How to Know If Your Android is Hacked & How to Fix It

In this guide we’ll show you what to look for if you think your Android phone got hacked, and how to fix it. These days smartphone security is extremely important. Here’s how to fix any problems and everything you need to know.

Whether you’re worried about a trojan virus, malware, spam, botnets, keyloggers or just the latest “stagefright” type exploit, you can do something about it. We’ll discuss ways to get rid of malicious content and help you be more prepared for the future.

Here in 2019 smartphones and tablets are just as vulnerable as computers. If not more vulnerable considering over 2.5 billion people own one. They’re the #1 target for bad guys. Your phone is a gateway to tons of personal and sensitive information and here are a few signs that something might be wrong.

If you think your Android smartphone might be compromised or got hacked, we’re here to help. These are the signs to look for, steps you need to take, and things to consider moving forward.

How to Tell If Your Phone Has a Virus (or Got Hacked)

Hacks and viruses on Android phones and tablets change all the time. They never look the same, although there are a few dead giveaways. That said, sometimes a pop-up is nothing more than a pop-up, trying to trick you into clicking something that WILL give you a virus. Either way, these are a few signs that something isn’t right.

  • Random Pop-ups and Ads
  • Malicious Fake Pop-ups
  • Slow Device
  • Unexplained Data Usage
  • Apps Keep Crashing
  • Random Charges on Your Bill
  • Unwanted App Installs and More
  • Extreme Battery Usage or Drain

This is a fake virus pop-up, ignore it!

Does the image above look familiar? Google’s actually fighting to prevent these. Pop-ups are one of the first signs of a virus or something bad. They often make noises, flash, or set off the vibration motor in the phone, and the back button typically doesn’t work. If that happens, hit the home button (or recent apps) and close all running apps. Do NOT try to click on anything inside your web browser.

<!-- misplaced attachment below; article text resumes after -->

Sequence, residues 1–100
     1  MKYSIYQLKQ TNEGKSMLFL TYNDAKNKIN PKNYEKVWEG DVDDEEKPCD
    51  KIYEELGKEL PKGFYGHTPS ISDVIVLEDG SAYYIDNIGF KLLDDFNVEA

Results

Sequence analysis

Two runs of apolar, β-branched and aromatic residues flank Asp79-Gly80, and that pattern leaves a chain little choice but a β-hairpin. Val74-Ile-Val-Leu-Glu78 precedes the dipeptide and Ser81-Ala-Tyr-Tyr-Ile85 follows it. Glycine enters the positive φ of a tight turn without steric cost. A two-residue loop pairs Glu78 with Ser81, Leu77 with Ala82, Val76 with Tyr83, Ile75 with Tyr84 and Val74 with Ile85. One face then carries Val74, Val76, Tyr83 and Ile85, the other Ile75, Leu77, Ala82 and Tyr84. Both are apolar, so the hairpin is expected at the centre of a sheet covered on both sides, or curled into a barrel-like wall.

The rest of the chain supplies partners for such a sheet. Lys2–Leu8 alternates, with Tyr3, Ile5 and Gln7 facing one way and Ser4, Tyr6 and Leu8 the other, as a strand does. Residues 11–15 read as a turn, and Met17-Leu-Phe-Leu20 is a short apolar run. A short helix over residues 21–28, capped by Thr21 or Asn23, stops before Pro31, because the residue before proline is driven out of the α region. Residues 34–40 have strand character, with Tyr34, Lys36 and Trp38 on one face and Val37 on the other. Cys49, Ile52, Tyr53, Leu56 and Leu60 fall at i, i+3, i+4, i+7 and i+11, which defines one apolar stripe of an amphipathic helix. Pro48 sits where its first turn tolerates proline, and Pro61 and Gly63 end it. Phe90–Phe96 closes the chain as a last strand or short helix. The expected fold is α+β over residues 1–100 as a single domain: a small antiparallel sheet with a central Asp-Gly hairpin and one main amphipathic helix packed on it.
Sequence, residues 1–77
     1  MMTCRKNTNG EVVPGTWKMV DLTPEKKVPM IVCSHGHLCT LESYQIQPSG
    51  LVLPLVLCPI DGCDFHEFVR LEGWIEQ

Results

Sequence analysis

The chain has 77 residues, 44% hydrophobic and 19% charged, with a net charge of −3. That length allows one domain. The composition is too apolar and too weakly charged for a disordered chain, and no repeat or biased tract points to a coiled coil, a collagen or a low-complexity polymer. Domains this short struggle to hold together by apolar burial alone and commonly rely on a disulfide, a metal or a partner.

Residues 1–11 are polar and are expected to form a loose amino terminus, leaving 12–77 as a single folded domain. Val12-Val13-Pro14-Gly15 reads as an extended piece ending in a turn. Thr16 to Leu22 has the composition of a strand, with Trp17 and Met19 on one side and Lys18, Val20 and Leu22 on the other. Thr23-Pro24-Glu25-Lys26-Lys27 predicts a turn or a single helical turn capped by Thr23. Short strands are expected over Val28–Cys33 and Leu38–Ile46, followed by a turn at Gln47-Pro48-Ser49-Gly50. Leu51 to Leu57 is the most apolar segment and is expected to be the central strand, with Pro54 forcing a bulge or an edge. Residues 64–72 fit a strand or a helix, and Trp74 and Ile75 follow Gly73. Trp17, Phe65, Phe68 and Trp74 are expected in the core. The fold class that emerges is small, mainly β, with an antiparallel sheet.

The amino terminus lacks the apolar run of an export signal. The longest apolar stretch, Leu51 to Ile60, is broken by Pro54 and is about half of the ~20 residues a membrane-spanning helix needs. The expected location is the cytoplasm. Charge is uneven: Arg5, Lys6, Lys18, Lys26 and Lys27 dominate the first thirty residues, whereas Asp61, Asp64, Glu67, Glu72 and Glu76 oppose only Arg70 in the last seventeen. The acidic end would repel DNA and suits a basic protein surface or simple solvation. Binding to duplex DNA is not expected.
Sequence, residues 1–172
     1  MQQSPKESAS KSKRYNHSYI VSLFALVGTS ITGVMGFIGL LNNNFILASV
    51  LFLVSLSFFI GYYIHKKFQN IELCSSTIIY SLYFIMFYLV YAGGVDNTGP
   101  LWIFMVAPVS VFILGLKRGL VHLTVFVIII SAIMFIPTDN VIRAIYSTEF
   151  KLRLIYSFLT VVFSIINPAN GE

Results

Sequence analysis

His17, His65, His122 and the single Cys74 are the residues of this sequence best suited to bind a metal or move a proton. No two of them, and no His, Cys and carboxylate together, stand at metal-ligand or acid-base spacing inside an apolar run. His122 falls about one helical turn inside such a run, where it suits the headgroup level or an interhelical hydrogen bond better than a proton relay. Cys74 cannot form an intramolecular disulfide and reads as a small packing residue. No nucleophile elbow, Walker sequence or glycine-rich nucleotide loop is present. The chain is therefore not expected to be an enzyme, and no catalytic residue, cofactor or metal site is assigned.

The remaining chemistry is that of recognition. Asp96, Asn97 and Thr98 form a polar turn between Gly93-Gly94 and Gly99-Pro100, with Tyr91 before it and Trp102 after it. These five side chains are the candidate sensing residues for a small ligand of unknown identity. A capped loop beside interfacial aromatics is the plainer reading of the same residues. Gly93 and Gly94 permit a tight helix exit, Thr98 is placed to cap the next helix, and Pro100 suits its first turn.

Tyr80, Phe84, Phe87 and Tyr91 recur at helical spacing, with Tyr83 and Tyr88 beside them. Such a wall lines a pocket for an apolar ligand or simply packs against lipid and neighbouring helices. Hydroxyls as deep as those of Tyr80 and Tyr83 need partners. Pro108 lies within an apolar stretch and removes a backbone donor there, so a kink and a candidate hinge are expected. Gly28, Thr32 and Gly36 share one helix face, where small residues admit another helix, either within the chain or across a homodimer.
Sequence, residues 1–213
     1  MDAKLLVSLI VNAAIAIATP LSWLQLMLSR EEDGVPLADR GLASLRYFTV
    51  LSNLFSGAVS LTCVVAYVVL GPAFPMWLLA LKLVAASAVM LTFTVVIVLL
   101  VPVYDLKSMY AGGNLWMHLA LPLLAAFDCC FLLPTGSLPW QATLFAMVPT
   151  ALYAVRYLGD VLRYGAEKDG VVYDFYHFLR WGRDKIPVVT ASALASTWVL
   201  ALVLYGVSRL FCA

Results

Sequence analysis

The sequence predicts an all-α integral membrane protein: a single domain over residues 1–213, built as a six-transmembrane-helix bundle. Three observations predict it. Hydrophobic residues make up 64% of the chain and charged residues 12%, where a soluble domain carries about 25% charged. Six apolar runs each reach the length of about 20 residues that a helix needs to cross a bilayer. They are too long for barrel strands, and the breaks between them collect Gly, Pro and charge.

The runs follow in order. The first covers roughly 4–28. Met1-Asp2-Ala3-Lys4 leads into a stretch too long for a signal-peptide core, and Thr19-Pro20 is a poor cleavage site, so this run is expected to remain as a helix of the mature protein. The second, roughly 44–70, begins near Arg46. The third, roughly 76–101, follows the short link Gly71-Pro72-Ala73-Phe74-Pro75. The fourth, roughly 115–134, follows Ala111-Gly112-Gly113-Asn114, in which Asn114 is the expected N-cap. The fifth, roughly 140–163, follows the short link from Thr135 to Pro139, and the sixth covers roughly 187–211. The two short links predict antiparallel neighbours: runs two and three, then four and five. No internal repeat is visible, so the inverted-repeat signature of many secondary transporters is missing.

At the same time, a lot of pop-ups are nothing more than pop-ups trying to get you to click an ad or buy something. Either way, ignore all of them, don’t click, and never give a popup your credit card info.

What to Look For

Random pop-ups are one of the first signs, but it’s not the only thing you should look for. Our list detailed above explains some of the biggest warning signs.

If your device is running extremely slow, a virus or hacker might have things going on behind the scenes you can’t see, making your phone slow. You might see your phone bill increase too, because a virus is transmitting info can use up a monthly data plan. A common problem is malware sending text messages to premium numbers. Making hackers money at your expense. Head to Settings > Connections > Data Usage > and check for apps using an excessive amount of data.

If an app is using way more data than it should, something might be wrong.

And finally, malware or keyloggers are typically very hard to find, but leave traces on your smartphone or tablet. Whether that’s a new app you didn’t install, or unwanted apps using way more battery than they should. All of these malicious things use up data, resources, and your battery. A good way to see if you got hacked is to check your phone’s battery usage.

Open Settings and go to Battery > Battery Usage > and scan the list for anything unusual.

A virus will “phone home” or keep your phone active, draining the battery

If you see anything way out of the ordinary in your battery usage, you might have a virus. Here you see “Miscellaneous” using 70% of the battery. That’s a malicious app or keylogger trying to hide its identity. Even a real app with a name, but one you didn’t install, could be the culprit.

Basically, if your Android phone gets hacked you’ll see anything from pop-ups to random charges, new apps, or experience excessive battery drain.

What To Do If You Got Hacked

If all signs point to malware or your device got hacked, it’s time to fix it. Whether that’s running anti-virus software, uninstalling apps, or erasing your device completely.